All at once, his lips curled away from his teeth and he was angrier than I’d ever seen him. He actually snarled at me. “My child is dead, too! Don’t you think this is one time you could stop being so self-absorbed and realize your son needs you?”
“Now I’m self-absorbed, too! That’s rich coming from the guy that disappears for hours every night, leaving us to deal with all of this on our own! I have sat with him every waking moment in the hospital. Where were you?”
“It’s not like I haven’t asked you to come with me to Jilly’s favorite spot on the beach! You didn’t have to stay behind and feel sorry for yourself. You think you’re sitting with him in the hospital was comforting? Don’t make me sick! You haven’t even talked to Leo about his sister!”
“Just admit it, Liev, you blame me for everything! You blame me for letting Leo drive that day!”
While we argued like the stupid people we were, Leo still sat near the casket with his head down. I can’t explain why seeing him there didn’t stop us from acting like idiots. This is another moment I wish I could go back and change.
From a few feet away, Keniesha decided she’d had enough. I’m so glad she’s my sister and that she isn’t afraid to step in.
“Have the two of you lost your damn fool minds?” Keniesha roared, immediately sending us into a silent stupor. “You two are acting like selfish morons. I’ve never seen anything as horrible as this!”
My husband and I glanced at each other and knew that all we’d done is make things worse for everyone.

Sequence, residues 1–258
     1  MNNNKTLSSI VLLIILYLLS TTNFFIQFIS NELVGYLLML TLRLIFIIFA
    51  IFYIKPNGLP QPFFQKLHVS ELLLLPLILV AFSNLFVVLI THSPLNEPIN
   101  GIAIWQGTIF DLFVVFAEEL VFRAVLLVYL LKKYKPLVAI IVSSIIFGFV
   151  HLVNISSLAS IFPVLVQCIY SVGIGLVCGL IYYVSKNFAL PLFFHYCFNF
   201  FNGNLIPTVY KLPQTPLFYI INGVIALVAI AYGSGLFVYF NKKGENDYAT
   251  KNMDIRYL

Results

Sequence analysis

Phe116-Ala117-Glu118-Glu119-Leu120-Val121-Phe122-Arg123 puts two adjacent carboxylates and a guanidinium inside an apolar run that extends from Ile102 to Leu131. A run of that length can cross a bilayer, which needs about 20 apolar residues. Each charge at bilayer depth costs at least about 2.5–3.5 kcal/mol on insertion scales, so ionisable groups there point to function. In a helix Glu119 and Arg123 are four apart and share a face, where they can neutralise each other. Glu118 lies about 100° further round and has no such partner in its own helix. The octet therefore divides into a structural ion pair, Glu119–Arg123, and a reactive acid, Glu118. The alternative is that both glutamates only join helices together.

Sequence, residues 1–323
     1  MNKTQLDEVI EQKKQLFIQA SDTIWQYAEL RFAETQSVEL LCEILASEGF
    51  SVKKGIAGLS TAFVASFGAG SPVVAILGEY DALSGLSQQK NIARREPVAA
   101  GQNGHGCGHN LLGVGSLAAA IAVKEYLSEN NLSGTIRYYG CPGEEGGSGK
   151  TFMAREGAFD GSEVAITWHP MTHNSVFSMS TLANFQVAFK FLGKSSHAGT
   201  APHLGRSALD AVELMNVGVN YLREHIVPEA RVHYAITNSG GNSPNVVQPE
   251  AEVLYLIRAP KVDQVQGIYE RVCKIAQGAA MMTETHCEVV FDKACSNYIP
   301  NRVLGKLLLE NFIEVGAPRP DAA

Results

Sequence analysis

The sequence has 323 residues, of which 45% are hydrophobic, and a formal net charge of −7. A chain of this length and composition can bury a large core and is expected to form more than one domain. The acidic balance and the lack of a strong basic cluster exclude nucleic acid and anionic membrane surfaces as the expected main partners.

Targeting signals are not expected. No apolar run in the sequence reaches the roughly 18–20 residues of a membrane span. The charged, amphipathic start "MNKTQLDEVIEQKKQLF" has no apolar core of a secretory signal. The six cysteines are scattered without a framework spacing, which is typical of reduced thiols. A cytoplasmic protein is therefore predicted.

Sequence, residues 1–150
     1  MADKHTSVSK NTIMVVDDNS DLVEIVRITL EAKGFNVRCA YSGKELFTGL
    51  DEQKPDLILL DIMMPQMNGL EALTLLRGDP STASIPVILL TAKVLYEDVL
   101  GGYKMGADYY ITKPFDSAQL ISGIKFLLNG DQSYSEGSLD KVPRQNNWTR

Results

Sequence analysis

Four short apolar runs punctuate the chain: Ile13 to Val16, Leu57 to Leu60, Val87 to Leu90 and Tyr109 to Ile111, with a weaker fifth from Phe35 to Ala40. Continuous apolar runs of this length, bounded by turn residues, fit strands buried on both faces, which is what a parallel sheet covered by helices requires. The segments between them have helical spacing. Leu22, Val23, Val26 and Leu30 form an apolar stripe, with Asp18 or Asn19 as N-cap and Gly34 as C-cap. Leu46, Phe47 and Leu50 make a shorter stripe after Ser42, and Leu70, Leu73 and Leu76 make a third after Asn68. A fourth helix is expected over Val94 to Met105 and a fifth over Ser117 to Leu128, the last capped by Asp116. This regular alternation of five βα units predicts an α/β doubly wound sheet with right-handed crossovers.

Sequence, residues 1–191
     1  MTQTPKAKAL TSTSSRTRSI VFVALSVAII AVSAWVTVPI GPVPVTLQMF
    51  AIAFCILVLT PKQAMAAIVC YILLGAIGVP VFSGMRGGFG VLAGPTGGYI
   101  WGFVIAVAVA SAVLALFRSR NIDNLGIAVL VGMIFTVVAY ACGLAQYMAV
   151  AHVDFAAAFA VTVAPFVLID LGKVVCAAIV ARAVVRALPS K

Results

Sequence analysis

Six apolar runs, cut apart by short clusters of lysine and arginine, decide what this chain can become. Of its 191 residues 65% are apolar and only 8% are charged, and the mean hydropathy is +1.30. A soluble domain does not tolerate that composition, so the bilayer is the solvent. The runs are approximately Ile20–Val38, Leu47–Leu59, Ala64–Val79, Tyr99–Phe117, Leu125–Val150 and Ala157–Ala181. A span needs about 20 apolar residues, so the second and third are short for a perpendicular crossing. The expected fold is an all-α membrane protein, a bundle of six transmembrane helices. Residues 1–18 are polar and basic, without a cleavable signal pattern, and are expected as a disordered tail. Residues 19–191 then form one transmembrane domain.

“I’m sorry, kid. Let’s go home.”
I watched helplessly as Liev pushed the wheelchair to the car and helped Leo inside to go home.
What had we done? What was I doing?
Liev had never spoken to me like that. Some of it seemed to be irrational, but yet, so much of it hadn’t been. I was hurting him and I wanted to stop, but I wasn’t sure how.
Daylynn and Rachel were climbing into the car now and I had barely acknowledged them since the accident. Keniesha had been looking after them and I didn’t even know if the poor girls truly understood what had happened. When I tried to imagine this from their point of view, I was horrified by the realization that they probably felt as if they’d lost not only Jilly, but Leo and their parents as well as they’d been abruptly shipped off to their aunt’s house because we’d all been away at the hospital.
While I knew Keniesha was taking good care of them, I now realized how badly I’d handled just about everything.
My marriage and my family were slipping through my fingers like sand and there was no way to catch it.
The thought of losing my husband was more than I could bear. We’d never been at such odds with one another.
Somehow, I had to claw my way out of this quicksand I was sinking into.


*Author’s Note: “If Tears Could Build a Stairway” was originally written by Paula Davis in May 2004 after her younger brother died. Since then, variations of the original have been floating around the internet with the infamous “Author Unknown” attached to it. This is one of the variations of the original. 
The little poem in the memorial card is an epitaph from a grave stone in Sutcombe Churchyard, Devon.